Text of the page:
Air commerce included
|“||the operation of aircraft within the limits of a Federal airway, or the operation of aircraft that directly affects, or may endanger safety in foreign or interstate air commerce.||”|
[T]he NTSB has held that "any use of an aircraft, for purpose of flight, constitutes air commerce." Courts that have considered this issue have reached similar conclusions that "air commerce," as defined in the FAA's statute, encompasses a broad range of commercial and non-commercial aircraft operations.
Accordingly, because "air commerce" encompasses such a broad range of aircraft operations, a civil small unmanned aircraft cannot currently be operated, for purposes of flight, if it does not comply with the above statutes. However, the FAA's current processes for issuing airworthiness and airman certificates were designed to be used for manned aircraft and do not take into account the considerations associated with civil small UAS.
- ↑ 49 U.S.C. §40102(a)(3).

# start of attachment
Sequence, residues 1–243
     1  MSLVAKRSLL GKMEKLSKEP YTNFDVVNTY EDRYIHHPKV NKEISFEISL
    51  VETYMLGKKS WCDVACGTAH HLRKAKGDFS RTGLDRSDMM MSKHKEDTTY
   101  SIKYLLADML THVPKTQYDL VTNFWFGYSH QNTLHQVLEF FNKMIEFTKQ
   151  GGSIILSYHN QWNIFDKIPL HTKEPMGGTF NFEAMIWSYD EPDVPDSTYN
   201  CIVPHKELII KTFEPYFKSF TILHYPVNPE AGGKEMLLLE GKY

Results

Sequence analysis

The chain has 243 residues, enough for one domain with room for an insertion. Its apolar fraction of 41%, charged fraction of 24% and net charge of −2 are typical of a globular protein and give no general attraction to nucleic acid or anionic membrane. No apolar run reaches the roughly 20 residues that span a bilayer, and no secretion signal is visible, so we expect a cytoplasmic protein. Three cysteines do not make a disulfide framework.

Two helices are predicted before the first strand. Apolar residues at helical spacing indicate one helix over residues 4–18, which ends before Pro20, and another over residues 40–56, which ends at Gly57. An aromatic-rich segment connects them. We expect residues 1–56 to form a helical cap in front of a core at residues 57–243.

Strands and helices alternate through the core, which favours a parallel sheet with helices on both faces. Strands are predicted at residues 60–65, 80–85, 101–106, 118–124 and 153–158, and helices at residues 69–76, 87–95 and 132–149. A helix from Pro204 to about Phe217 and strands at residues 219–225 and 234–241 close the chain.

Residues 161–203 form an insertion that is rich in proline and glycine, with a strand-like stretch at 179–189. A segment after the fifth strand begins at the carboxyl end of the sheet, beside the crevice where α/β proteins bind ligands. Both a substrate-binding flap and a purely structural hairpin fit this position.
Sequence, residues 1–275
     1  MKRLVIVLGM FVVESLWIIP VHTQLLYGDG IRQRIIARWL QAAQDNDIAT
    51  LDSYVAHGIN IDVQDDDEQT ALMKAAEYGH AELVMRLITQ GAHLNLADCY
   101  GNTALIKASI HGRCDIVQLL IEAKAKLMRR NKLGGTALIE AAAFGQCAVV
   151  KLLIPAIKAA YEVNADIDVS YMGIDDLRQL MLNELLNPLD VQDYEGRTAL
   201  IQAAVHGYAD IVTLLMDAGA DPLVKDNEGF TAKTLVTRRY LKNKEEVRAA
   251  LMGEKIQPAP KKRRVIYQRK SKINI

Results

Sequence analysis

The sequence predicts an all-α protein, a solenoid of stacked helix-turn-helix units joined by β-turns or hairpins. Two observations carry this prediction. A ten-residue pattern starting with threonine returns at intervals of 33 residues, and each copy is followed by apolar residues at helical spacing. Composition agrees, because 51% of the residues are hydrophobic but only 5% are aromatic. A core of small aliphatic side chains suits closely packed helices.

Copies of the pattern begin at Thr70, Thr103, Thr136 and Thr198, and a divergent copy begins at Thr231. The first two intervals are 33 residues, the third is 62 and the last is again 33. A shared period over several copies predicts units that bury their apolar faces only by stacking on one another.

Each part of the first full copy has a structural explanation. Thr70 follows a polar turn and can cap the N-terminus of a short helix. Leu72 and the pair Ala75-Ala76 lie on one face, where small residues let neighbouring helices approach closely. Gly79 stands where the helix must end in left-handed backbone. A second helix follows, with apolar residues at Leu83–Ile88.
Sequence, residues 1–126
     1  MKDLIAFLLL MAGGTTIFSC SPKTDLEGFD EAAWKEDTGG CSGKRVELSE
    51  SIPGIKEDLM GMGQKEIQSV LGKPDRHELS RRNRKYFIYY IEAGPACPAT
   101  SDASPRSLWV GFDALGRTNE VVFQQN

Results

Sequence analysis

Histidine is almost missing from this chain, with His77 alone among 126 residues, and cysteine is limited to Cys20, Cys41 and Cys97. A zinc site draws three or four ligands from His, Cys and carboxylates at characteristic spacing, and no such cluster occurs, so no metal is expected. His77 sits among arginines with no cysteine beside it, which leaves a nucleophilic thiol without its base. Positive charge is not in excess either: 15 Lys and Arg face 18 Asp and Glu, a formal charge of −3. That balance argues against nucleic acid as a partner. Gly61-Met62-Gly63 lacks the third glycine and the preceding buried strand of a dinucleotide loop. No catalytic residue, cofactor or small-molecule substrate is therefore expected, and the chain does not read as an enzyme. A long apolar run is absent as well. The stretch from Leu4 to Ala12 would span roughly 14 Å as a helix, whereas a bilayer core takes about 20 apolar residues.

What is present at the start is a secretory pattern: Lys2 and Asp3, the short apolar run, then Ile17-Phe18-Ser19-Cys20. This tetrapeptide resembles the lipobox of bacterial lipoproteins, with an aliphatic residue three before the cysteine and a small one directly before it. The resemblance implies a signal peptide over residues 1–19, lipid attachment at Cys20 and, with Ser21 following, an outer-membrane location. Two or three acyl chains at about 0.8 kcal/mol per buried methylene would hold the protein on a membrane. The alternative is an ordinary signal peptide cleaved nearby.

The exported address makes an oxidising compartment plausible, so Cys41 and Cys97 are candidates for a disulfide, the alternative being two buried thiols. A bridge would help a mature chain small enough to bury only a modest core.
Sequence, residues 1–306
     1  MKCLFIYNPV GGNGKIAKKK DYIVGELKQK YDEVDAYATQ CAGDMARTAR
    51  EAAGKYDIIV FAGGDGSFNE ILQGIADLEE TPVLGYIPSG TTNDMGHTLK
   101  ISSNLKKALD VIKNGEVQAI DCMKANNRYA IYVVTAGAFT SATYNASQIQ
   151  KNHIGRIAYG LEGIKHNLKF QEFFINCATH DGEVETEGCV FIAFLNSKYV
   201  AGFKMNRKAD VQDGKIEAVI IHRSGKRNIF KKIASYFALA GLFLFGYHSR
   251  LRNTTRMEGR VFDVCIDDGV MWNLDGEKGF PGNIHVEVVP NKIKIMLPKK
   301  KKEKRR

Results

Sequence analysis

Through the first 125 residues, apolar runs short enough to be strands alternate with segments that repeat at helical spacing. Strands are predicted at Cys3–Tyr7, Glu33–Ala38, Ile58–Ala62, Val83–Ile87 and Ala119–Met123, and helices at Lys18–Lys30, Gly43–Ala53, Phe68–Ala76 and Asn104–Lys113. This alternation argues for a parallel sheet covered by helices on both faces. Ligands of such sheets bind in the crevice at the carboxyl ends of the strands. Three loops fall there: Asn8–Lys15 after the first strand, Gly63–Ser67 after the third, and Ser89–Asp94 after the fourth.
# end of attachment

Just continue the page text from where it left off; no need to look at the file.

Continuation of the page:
- ↑ Administrator v. Barrows, 7 N.T.S.B. 5, 8-9 (1990).
- ↑ See, e.g., United States v. Healy, 376 U.S. 75, 84 (1964) (holding that the statutory definition of "air commerce" in the Federal Aviation Act in 1958 is not limited to commercial airplanes); Hill v. NTSB, 886 F.2d 1275, 1280 (10th Cir. 1989) ("[t]he statutory definition of 'air commerce' is therefore clearly not restricted to interstate flights occurring in controlled or navigable airspace"); United States v. Drumm, 55 F. Supp. 151, 155 (D. Nev. 1944) (upholding amendments of Civil Air Regulations, which among other things prohibited any person from piloting a civil aircraft unless the person held a valid pilot certificate and the aircraft possessed an airworthiness certificate, on the grounds that the regulatory action was within the scope of powers conferred by Congress).
- "Overview" section: Small Unmanned Aircraft Rule (Part 107), at 19-20.